Sunday 7 August 2011

Cutting for Stone by Abraham Verghese

I always read the Amazon reviews for a book before I buy a book.  There were a plenty for Cutting for Stone, it isn't a new book - published 2009 - and they are very heavily weighted towards 5 stars.  But for some reason I held back.

I wish I hadn't.

It's a big book in every way.  At 500+ pages of quite densely packed text it isn't a quick read and I'll admit that at the start I felt it was too detailed.  In fact it probably could have been edited down quite a bit, but in the end for me that wasn't essential.

The story is told through the eyes of one of a pair of identical twins, sons of an Indian nun and a British surgeon.  We then follow their lives in Ethiopia, through personal and political turmoil until Marion, the narrator, is betrayed by the girl he loves and has to flee the country.  He ends up as a surgeon in the USA where his life runs no more smoothly.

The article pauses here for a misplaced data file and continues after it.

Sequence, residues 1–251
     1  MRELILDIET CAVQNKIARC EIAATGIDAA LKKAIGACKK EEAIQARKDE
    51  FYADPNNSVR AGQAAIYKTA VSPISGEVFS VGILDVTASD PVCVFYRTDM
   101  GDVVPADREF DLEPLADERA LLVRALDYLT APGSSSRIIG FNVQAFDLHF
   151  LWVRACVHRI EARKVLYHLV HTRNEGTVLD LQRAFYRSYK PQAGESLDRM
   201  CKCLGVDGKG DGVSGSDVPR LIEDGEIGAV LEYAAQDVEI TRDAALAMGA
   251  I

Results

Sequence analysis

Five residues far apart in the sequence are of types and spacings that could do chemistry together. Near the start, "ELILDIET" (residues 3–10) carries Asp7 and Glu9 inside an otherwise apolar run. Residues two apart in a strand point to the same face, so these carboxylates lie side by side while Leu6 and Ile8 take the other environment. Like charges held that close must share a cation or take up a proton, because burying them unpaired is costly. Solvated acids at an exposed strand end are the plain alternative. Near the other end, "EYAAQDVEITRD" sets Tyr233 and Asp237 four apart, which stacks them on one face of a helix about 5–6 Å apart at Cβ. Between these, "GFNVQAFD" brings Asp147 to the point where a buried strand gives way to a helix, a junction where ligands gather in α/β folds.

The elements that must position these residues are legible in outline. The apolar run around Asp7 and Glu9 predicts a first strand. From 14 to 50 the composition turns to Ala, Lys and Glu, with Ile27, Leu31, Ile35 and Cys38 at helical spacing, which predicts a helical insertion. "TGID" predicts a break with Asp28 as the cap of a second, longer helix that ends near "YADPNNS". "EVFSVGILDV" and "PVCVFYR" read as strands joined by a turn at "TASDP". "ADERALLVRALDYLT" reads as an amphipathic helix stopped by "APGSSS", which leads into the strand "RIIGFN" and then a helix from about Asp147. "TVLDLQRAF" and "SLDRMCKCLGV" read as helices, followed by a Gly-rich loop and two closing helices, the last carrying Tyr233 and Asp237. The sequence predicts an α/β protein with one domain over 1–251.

It is an immensely dramatic and compelling novel, and combines intense realism with an almost magical quality.  In fact some people think the realism of the surgical descriptions are almost too vivid, but I'd say no worse than some thrillers I've read.  I'd prefer the medical details over  violence and day.  Along with the family saga, you do get a feel for the country of Ethiopia, its life, politics and history.

Frankly, I couldn't put the book down and, if it weren't for the large pile of books waiting their turn, I'd happily read it again.

Cutting for Stone is available at or at